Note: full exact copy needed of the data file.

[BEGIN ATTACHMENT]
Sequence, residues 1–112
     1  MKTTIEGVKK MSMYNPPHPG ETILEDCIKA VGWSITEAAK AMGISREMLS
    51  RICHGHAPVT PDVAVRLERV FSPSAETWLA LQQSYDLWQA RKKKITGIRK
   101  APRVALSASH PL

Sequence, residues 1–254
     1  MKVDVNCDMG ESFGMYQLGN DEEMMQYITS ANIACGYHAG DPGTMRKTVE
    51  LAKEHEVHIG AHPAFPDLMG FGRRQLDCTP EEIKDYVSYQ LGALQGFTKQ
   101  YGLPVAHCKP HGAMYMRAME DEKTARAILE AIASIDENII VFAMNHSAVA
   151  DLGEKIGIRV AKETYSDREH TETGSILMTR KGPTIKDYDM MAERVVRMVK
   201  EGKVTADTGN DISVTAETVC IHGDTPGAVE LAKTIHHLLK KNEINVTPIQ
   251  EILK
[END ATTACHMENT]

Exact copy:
Sequence, residues 1–112
     1  MKTTIEGVKK MSMYNPPHPG ETILEDCIKA VGWSITEAAK AMGISREMLS
    51  RICHGHAPVT PDVAVRLERV FSPSAETWLA LQQSYDLWQA RKKKITGIRK
   101  APRVALSASH PL

Sequence, residues 1–254
     1  MKVDVNCDMG ESFGMYQLGN DEEMMQYITS ANIACGYHAG DPGTMRKTVE
    51  LAKEHEVHIG AHPAFPDLMG FGRRQLDCTP EEIKDYVSYQ LGALQGFTKQ
   101  YGLPVAHCKP HGAMYMRAME DEKTARAILE AIASIDENII VFAMNHSAVA
   151  DLGEKIGIRV AKETYSDREH TETGSILMTR KGPTIKDYDM MAERVVRMVK
   201  EGKVTADTGN DISVTAETVC IHGDTPGAVE LAKTIHHLLK KNEINVTPIQ
   251  EILK